Kids playing chessEuropean Parliament Ministers have recently voted to include chess in the educational curriculum.

As a result there has been a continuous movement of countries following to include chess as part of their weekly curriculum. Currently the UK, France, Italy, Armenia, Hungary, Greece and Canada have all made the commitment and reaping the results. They are starting early, Grade 1 with at least one hour of chess a week, three is ideal.

Why? Simply put, they are dedicated to expanding the minds of children and giving them the best possible education. And it all starts with chess.

Basically chess trains the brain. Chess has proven time and time again to be more effective than most other educational programs. Chess is not just about a game, and kings and queens it is much more than that. It’s about concentration, quadrants, co-ordinates, strategy, foreseeing consequences, angles, options and decisions, winning and losing.  Chess is about patience.

It teaches children how to make decisions, trains memory, strengthens will power (kids certainly need this), motivates children to win and teaches them how to deal with defeat (they need this one too). It’s really the only school subject that can do all of that.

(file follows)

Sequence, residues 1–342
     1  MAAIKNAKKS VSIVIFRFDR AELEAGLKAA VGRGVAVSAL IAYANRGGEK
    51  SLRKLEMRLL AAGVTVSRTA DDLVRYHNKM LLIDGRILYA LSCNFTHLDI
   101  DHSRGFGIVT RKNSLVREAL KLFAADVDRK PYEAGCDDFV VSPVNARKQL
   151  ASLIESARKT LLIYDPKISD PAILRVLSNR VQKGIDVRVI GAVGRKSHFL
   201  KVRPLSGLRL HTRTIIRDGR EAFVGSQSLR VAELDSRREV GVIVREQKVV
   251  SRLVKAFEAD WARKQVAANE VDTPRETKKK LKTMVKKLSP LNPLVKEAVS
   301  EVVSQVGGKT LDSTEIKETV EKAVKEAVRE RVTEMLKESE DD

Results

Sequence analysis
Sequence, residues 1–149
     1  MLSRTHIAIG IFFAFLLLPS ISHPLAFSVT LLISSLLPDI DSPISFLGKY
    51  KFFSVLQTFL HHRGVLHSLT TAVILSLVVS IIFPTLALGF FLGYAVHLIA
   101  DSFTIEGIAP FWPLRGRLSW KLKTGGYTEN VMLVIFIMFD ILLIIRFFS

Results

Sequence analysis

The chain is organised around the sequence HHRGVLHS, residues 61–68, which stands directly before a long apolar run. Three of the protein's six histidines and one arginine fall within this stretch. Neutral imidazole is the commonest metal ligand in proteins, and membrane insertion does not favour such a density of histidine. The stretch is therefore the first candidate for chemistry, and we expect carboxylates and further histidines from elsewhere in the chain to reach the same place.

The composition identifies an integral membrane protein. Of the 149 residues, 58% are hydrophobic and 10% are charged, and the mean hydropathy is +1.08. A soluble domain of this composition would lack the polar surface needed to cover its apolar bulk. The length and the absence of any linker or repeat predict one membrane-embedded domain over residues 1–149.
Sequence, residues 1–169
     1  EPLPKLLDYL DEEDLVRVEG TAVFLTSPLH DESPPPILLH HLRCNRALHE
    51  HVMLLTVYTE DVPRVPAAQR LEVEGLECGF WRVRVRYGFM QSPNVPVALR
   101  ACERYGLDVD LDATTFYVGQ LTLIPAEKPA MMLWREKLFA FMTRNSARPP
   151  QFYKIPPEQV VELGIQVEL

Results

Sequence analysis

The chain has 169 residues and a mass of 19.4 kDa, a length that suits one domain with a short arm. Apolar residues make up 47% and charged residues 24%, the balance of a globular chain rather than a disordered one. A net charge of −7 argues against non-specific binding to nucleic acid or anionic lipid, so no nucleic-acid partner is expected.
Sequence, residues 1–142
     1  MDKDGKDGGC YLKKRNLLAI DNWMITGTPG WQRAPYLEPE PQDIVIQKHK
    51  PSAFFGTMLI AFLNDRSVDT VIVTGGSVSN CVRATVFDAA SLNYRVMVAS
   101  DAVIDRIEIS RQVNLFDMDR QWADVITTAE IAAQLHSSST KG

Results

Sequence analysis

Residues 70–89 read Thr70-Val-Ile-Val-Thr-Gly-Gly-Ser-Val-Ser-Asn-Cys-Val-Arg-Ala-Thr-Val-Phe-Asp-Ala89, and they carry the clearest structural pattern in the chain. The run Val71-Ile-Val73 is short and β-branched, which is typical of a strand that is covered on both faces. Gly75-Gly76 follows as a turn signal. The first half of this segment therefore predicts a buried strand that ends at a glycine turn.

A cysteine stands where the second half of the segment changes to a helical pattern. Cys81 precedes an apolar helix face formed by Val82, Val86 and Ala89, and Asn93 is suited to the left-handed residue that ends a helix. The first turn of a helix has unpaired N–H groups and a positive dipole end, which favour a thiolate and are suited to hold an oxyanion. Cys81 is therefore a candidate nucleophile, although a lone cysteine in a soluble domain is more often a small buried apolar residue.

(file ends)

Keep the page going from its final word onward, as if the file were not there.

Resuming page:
One of the greatest players of all time, Judit Polgar has designed her own educational chess program catering specifically to squeezing chess into a already full curriculum and what a novel way she had done so, she has redesigned the chessboard itself to look like a castle ‘Chess Palace’ and the pieces – the characters move from the bottom level to the top of the castle. Judit has designed manuals ‘how to’ for teachers. This is just the start of a range of newly designed chess materials aimed at teaching young children in a fun way.

As a result of the European Parliament voting to include chess, the UK parliament is now on board too. The research is there that shows the dramatic improvement in student’s concentration, their maths skills and their reading scores all improve considerably. All that’s needed now is the Australian Government to get on board and include chess as a compulsory part of our education curriculum.

Hopefully some progressive, forwarding thinking schools will take the initiative and leap into the world of chess and take it from an extra-curricular activity and place it into the classrooms for everybody. Any such school will certainly be a step ahead of their time but I’ve no doubt in many years to come Chess will be part of our education it may just take a while unfortunately. In the meantime parents, don’t let your children miss out, dust off the chess board – download an app and get started.


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